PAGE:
DCC not swayed on stadium

Rodney Hide
Rodney Hide
The Dunedin City Council yesterday effectively ignored one of two resolutions carried at Sunday's Stop the Stadium-organised meeting, meaning the Dunedin public will not get a further chance to put their views to the council before a contract to build the stadium has been signed.

The other resolution passed at the public meeting had a slightly better response yesterday.

It called for Local Government Minister Rodney Hide to come to Dunedin to examine the processes behind the stadium and Mr Hide said he was happy to come - but warned it would take a major transgression for any investigation to be launched.

The fact people might not like a council decision would not spark an investigation, he said.

At a council meeting yesterday, Greater Dunedin councillors Chris Staynes and Dave Cull moved the council delay signing a contract to build the stadium until after public consultation.

Their intent was signalled late last week and was echoed by the resolution that received resounding support from the 1800 people who attended Sunday night's meeting in the Town Hall.

In the notice of motion section of yesterday's meeting, Cr Staynes moved "that no binding contract to construct the new Awatea St stadium be signed prior to the recommendations of the community plan hearings committee on this project being considered and adopted by the council".

Submissions on this year's plan close on April 15, and hearings begin on May 4.

The stadium is likely to attract the majority of submissions.

The council is expected to decide on April 20 whether to sign a contract with Hawkins Construction to build the stadium (see report page 4).

Yesterday's council meeting voted to make public a legal opinion on whether consultation was necessary, and a confidential memorandum on the matter from legal firm Anderson Lloyd was released.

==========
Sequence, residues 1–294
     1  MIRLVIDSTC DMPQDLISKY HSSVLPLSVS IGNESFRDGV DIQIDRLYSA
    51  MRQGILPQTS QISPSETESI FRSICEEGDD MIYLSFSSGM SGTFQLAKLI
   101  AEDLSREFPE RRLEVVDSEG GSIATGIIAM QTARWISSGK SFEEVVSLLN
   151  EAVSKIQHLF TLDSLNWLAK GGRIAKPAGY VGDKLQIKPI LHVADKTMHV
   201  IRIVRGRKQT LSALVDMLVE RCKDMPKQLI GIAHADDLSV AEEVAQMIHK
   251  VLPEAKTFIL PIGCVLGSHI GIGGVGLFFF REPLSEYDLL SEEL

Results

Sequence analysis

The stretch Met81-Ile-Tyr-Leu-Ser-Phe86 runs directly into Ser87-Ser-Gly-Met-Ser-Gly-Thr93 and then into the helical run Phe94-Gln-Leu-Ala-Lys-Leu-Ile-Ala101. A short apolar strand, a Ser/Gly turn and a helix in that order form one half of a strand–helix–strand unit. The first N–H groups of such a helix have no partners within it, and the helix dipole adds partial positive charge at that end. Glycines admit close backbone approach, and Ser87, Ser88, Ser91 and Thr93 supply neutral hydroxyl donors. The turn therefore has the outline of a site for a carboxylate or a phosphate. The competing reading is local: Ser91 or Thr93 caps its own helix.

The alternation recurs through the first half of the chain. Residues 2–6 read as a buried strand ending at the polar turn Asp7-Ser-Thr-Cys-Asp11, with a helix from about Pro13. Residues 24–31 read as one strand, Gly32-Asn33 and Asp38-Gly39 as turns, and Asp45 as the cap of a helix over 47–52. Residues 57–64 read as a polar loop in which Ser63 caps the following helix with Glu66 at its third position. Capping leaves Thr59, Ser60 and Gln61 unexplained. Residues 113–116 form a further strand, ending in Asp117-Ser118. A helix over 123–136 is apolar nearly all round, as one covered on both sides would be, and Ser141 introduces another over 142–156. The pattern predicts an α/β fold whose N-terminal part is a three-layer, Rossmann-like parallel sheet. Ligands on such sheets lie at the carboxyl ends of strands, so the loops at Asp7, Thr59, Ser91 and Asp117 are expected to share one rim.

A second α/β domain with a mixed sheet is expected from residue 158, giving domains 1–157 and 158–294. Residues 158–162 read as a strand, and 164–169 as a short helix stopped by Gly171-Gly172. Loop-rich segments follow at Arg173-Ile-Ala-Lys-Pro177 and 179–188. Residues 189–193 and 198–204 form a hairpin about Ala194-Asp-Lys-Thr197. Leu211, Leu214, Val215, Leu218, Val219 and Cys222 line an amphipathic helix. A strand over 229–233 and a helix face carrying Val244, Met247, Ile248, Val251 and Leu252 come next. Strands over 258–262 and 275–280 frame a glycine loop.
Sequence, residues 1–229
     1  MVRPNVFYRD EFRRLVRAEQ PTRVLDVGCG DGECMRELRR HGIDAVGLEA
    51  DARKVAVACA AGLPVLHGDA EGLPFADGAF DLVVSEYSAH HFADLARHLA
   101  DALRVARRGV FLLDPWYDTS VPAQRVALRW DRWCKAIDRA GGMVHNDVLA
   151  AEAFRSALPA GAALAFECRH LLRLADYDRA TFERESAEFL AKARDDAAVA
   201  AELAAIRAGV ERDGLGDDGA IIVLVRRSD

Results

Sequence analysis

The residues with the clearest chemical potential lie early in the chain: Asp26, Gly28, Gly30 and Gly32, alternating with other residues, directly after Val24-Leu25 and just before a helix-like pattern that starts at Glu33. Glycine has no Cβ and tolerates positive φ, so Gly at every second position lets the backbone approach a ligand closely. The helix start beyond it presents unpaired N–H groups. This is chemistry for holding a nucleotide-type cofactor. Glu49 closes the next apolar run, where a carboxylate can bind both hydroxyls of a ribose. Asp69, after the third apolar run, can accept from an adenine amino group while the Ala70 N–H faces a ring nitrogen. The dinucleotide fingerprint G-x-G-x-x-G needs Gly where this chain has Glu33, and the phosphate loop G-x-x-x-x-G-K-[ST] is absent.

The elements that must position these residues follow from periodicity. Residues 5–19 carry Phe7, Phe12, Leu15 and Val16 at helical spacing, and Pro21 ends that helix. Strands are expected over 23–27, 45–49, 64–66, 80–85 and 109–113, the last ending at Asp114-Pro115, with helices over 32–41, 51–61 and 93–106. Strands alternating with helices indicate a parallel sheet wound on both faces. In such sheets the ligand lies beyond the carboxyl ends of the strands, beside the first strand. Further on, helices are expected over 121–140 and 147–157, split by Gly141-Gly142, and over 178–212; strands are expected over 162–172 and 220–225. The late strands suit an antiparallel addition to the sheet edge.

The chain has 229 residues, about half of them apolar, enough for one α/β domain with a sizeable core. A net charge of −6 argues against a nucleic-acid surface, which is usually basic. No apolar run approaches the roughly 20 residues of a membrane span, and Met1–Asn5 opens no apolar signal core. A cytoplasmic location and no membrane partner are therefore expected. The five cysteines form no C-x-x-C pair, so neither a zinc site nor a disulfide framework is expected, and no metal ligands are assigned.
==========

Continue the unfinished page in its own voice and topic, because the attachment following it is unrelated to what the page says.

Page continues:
The memorandum noted chief executive Jim Harland had advised the firm that since last year's annual plan consultation, while there had been "slight changes to the project and funding sources, overall the changes do not materially change the project from that consulted on".

Anderson Lloyd's opinion was that it agreed with and supported that advice.

"We consider it is lawful for the council to sign the construction contract before the new long term council community plan (LTCCP) is finalised in 2009.

"This is because the project is materially the same as that included in the current LTCCP (as amended in 2008)."

Cr Dave Cull last night said he "strongly disagreed" the changes were not enough to trigger consultation, and thought that was something Mr Hide could consider.

Deputy mayor Syd Brown said the motion would create a precedent the council would regret.

If the precedent was set, the council would have to reconsider projects like the Tahuna wastewater treatment work and roading work on the peninsula.

Cr Cull responded those projects had not changed like the stadium had.

He said "a good number" of people had lost faith in the process.

"We have set conditions and not met them.

"We have broken faith as a council," Cr Cull said.

"Last night, 1800 people requested just this outcome."

The motion was lost eight votes to six, with Crs Cull, Staynes, Kate Wilson, Fliss Butcher, Paul Hudson and Teresa Stevenson voting for, and Crs Acklin, Brown, Michael Guest, John Bezett, Neil Collins, Andrew Noone, Richard Walls and Mayor Peter Chin voting against.

 

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